Better Living Through Darwinism

Can Darwin can help you lose weight, quit smoking, and get out of debt? Yes, says Terry Burnham, a professor at Harvard Business School and co-author of Mean Genes, a guide to improving your life by acknowledging your hard-wired tendencies(click hereto buy it.)This week he discusses the book with Robert Wright, the author of Slate’s “Earthling” column, The Moral Animal, and Nonzero: The Logic of Human Destiny.     

Dear Terry,

You ended your last posting by inviting me to “expand upon the specifics of how we can be moral animals and construct nonzero societies.” First of all, thanks for covertly slipping the titles of my two most recent books into a single sentence. We need more Americans like you. In reply, I can only say: Mean genes, mean genes, and, finally, mean genes.

It’s funny that you should mention Edward O. Wilson’s interest in stoicism. I recall him telling me many years ago that one of his favorite books was Marcus Aurelius’ Meditations on stoicism. (And I remember thinking: Yeah, it’s easy to accept your lot in life stoically when you’re the emperor of Rome.)

At the time I didn’t make the connection between a Darwinian worldview and the austere indifference to pleasure and pain recommended by the stoics. But by the time I wrote The Moral Animal, I had gotten the picture: Pleasure and pain are the carrot and stick our genes use to keep us in the thrall of their warped values system. So, if you want to launch a full-scale war of liberation, the first step is to insulate yourself from that incentive structure. And full-scale war is arguably in order, given how persistently our genes can disturb our tranquility, how forcefully they can discourage truly moral behavior, how subtly they can warp our very perceptions of right and wrong, even of true and false.

It isn’t just the stoics who said that escaping the coercive power of pleasure and pain was the path to clear vision. The Bhagavad-Gita says that people who pursue “enjoyment and power” are “robbed of insight” and live in a “jungle of delusion.” In Ecclesiastes it is written, “Better is the sight of the eyes than the wandering of desire.” And, of course, Buddhism is founded on the idea of finding enlightenment by abandoning the quest for pleasure. The Buddha said that “the best of virtues [is] passionlessness; the best of men he who has eyes to see.”

This is what I was trying to get at in my earlier postings: Some worthwhile goals—ranging from lifelong monogamous commitment to general benevolence to sheer peace of mind—are rendered so difficult by human nature that Darwinian self-knowledge by itself may not be nearly enough; this self-knowledge may need to be integrated into a larger worldview that I’m afraid I can’t help calling “spiritual,” at least in a loose, secular sense of the word.

I don’t purport to have developed such a worldview. In The Moral Animal, I just did some half-baked sermonizing and noted how various hallowed spiritual doctrines implicitly recognize human nature. That includes the ecumenical list above, and also such concepts as demonic temptation (a concept that, I argued, is well-suited to controlling insidiously addictive behaviors—behaviors that, as you put it in Mean Genes, “it’s easier never to start than to quit.”)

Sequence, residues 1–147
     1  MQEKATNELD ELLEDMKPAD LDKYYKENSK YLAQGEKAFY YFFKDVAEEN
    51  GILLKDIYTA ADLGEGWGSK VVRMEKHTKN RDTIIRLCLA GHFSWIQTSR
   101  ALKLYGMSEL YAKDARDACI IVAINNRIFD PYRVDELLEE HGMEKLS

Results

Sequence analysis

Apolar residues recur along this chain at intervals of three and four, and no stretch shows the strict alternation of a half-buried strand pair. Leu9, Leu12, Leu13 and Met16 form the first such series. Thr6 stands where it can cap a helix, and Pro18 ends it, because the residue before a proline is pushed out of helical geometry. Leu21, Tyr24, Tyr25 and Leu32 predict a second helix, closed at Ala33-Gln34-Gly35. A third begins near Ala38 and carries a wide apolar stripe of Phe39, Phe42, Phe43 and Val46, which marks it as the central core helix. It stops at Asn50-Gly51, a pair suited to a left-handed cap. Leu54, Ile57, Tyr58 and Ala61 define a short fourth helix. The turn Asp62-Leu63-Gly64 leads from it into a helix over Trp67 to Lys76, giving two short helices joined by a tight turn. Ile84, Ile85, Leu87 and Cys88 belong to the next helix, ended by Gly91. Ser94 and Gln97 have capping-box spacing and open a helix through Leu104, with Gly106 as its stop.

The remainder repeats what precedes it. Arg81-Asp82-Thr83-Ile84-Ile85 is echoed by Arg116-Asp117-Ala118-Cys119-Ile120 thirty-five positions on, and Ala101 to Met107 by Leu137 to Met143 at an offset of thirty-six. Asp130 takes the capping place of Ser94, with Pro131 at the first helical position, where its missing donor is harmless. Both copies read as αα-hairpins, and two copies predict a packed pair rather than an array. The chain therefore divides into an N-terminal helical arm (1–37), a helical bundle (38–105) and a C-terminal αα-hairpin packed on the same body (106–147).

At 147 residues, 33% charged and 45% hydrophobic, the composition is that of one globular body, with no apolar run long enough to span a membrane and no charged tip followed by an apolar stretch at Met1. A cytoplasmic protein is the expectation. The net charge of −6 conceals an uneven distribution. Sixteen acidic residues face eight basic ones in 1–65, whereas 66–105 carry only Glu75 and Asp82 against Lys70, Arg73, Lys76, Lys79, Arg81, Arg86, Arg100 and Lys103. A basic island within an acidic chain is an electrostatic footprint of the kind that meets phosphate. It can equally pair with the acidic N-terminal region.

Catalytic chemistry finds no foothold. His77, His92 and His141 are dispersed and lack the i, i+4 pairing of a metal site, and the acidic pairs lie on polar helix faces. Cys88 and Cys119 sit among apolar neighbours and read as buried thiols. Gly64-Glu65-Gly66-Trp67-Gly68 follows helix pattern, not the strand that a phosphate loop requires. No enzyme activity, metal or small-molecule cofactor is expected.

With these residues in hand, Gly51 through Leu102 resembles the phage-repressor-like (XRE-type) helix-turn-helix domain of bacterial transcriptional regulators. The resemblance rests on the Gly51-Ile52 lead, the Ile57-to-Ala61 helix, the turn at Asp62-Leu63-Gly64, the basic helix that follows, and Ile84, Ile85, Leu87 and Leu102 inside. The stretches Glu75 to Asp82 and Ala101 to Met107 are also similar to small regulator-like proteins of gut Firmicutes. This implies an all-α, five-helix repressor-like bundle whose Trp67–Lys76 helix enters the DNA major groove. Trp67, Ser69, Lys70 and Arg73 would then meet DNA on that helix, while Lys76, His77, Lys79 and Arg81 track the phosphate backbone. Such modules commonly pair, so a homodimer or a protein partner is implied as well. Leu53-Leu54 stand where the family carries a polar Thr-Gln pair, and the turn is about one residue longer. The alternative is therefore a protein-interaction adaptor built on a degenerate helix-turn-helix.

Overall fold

The irony is that Darwinism, while validating the therapeutic content of many religions, has in some cases eroded belief in their foundational doctrines. That is why formulating a modern spiritual worldview grounded in Darwinian self-understanding will be such a challenge—one of the great intellectual challenges, I think, of the next few decades.

What exactly do I mean by “spiritual”? My thoughts on that are a little too hazy to lay out concisely. Besides, this posting is starting to show disturbing signs of seriousness. Slate’s proprietary gravitas-detecting software is no doubt sounding an alarm in Redmond right now. So, let me close on some lighter, more upbeat notes.

First, though it’s true that our genes are in many ways despicable—often inspiring blind selfishness or frustrating our search for enduring happiness—it’s also true that we have a lot to thank them for. Take existence, for example. Or sentience. Or the capacity for love and friendly affection—even if, as your book notes, our genes can subvert the pure expression of these things. I’d say that, all told, these blessings call for a measure of gratitude (one of many feelings whose underlying Darwinian logic has only become clear in the last few decades).

The other antidote to a morose Darwinian worldview is a sense of humor, and this is one thing you and Jay Phelan have provided in Mean Genes. If I’ve seemed to be trying to pull you in the direction of somber moral reflection, you’d be wise to resist; one virtue of your book is that it doesn’t take the human predicament too seriously.

So far I’ve been closing each posting with a heavy-duty scientific/philosophical question, but now I’ll shift gears. I notice from your book jacket that you were a tank driver in the Marines. What I want to know is: 1) Why did you join the Marines? 2) How, if at all, did your experience in the Marines put you on a path that led to this book? 3) Could you name one or two parts of human nature that the Marine Corps does a good job of taking into account (the more surprising the better)?

I’ve really enjoyed this “Dialogue.” In signing off, I’ll just say what confirmed Darwinians always say to each other at such moments: Semper Fi